To Murillo, youths had a better chance to stay out of trouble by throwing and hitting and catching a ball.
"He had a strong belief that kids out doing organized sports wouldn't be out getting into trouble," the younger Herman said.
When his own sons were out of youth sports, Murillo continued to coach. He stuck around long enough to be an assistant coach on his granddaughter Tia's softball team.
Head coach Dave Bentz worked with Murillo for several years.
"He's a legend here," Bentz said. He demanded respect and, at the same time, you wanted to give it to him.
Bentz pauses to talk with his daughters. One is nicknamed Cheeto; the other, Dash. The nickname source? Herman Murillo.
Ah, the nicknames. Trying to find someone here who doesn't mention Murillo's habit of nicknaming his players is harder than hitting a good curveball.
"If you were fortunate enough to get a nickname, you were an all-star," the younger Herman said. "It was kind of like a badge of honor."
Murillo was sick in recent years. Bentz said he wasn't able to make it to some of the Sequim's softball major all-stars' final games and that may have hurt as much as any sickness. But it impressed Bentz that the man was yearning to be with the team.
"Those last couple of years he was ... teaching the game of life," Bentz said.
Murillo died on Aug. 27. He was 70 years old.
Last weekend, a gathering of those with Murillo-inspired nicknames and a lot more who probably wish they had one came together to say goodbye.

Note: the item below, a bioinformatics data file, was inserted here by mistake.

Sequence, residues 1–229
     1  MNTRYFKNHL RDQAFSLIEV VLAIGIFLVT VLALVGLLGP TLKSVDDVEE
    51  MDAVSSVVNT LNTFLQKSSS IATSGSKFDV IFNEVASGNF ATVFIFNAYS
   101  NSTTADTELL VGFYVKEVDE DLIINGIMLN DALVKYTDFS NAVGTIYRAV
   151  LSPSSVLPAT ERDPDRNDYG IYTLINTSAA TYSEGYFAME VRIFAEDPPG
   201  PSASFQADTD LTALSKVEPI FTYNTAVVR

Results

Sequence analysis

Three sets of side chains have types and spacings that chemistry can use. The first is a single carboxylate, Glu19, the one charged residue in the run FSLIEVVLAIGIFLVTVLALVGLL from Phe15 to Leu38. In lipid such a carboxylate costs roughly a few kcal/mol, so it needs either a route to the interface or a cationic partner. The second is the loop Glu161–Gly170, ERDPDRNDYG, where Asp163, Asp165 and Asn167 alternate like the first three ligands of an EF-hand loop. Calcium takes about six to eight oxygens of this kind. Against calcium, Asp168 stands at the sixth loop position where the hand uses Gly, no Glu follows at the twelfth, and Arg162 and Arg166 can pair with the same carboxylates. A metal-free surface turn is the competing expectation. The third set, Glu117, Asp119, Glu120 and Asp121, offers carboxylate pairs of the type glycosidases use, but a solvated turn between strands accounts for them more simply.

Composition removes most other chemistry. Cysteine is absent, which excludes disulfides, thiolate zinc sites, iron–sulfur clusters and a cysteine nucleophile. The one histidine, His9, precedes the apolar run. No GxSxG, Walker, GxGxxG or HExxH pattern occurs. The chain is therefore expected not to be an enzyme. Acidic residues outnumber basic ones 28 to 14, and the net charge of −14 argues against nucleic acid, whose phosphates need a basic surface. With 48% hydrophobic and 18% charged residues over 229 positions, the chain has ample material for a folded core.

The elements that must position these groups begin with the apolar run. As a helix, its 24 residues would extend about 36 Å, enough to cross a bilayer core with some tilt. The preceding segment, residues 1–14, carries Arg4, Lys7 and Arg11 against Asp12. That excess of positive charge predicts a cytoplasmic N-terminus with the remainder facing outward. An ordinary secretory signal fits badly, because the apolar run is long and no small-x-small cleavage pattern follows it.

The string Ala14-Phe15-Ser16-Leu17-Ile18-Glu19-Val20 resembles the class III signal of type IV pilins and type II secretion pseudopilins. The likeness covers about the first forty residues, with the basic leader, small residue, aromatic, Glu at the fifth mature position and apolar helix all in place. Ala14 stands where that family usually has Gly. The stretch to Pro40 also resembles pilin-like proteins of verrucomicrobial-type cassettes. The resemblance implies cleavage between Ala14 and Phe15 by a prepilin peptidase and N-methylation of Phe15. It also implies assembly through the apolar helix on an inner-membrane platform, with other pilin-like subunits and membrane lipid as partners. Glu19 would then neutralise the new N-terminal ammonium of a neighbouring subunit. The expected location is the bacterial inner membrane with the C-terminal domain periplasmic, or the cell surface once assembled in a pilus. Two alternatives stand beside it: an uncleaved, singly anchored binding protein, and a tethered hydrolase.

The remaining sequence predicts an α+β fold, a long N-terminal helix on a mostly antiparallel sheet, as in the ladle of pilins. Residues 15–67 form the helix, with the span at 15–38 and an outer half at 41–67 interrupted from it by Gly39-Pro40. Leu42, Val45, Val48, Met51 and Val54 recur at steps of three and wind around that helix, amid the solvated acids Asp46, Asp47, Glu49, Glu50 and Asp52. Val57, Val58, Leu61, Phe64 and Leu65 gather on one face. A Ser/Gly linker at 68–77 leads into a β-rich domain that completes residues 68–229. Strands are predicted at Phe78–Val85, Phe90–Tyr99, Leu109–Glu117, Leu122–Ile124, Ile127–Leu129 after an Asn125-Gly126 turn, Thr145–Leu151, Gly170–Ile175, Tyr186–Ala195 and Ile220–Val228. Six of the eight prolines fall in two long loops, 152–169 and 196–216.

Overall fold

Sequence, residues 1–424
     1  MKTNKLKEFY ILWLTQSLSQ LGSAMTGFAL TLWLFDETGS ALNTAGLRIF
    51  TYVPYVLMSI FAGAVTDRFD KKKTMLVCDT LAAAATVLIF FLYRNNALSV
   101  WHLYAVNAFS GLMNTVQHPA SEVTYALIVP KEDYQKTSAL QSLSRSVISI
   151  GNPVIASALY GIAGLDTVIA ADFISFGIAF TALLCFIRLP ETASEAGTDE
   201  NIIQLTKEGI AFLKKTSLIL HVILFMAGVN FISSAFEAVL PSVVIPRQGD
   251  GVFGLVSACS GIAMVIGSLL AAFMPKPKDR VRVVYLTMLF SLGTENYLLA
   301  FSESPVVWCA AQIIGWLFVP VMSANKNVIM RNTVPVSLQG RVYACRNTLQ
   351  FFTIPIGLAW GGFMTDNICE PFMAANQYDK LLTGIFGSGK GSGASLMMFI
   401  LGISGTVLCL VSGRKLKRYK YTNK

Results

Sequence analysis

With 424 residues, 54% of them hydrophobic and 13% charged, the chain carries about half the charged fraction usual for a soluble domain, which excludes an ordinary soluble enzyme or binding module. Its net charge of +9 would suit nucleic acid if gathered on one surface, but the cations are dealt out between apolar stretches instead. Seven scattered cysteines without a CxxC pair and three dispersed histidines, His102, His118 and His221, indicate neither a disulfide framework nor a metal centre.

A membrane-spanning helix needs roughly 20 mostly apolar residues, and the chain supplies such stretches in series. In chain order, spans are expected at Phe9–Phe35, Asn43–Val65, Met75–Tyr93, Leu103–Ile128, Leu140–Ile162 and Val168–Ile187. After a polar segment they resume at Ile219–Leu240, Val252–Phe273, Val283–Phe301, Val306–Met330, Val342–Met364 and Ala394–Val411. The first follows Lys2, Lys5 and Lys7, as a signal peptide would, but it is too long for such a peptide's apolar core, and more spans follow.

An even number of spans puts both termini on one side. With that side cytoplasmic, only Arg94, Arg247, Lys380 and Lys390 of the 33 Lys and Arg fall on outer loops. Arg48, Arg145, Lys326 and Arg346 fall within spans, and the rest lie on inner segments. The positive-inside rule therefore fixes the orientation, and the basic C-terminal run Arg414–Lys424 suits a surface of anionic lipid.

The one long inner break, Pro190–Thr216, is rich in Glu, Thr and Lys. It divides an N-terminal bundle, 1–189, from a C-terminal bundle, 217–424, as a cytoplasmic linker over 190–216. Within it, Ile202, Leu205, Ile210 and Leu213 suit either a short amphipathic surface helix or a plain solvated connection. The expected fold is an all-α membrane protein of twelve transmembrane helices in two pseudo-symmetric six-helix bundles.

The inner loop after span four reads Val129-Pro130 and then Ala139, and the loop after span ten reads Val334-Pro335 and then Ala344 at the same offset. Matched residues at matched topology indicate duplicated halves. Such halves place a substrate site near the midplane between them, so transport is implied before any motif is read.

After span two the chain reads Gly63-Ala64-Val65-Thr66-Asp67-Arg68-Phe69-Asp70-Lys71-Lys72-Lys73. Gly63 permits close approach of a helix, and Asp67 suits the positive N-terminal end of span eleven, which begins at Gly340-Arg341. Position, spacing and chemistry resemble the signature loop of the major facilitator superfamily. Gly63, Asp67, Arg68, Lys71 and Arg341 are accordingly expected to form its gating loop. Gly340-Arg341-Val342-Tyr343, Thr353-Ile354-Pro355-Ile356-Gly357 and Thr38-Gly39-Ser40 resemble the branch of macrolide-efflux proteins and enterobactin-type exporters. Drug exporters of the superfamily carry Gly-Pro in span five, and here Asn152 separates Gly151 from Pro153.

'The home that
On Saturday, Sept. 5, weeks after Little League seasons had finished, sunlight broke through white, rolling clouds above Herman Murillo Field. It was perfect weather for a baseball game or two.
More than 300 friends and members of Murillo's various youth sports or golf families paid tribute to the man.
Speakers ranged from family members to co-workers to former players.
"I was one of his first (players)," said Derrin Doty, a local baseball star who was drafted by the California Angels in 1993 and played for five minor league teams.
"He was a guy I was scared to death of. He wanted me to move up out of T-ball. He was my life coach."
Murillo's son Anthony called the surrounding fields the home that Herman built.
"Someone has done something to give back ... with no expectation in return," Anthony said.
The field was not named posthumously; Murillo got to see that part of his legacy come to fruition.
But walk over here, just a few steps from Herman Murillo Field. There's a plot of land all torn up and torn up good. Rocks litter the infield. Volunteers are picking at the lot to make the infield smooth for a brand new softball field.
Little League president Shawnna Rigg urged people to help clear a few rocks on their way home from the service.
After all, she said, that's what Herman would want.
"His whole things was, 'I better leave this better than I got it,'" his son Herman said.
Reach Michael Dashiell at firstname.lastname@example.org.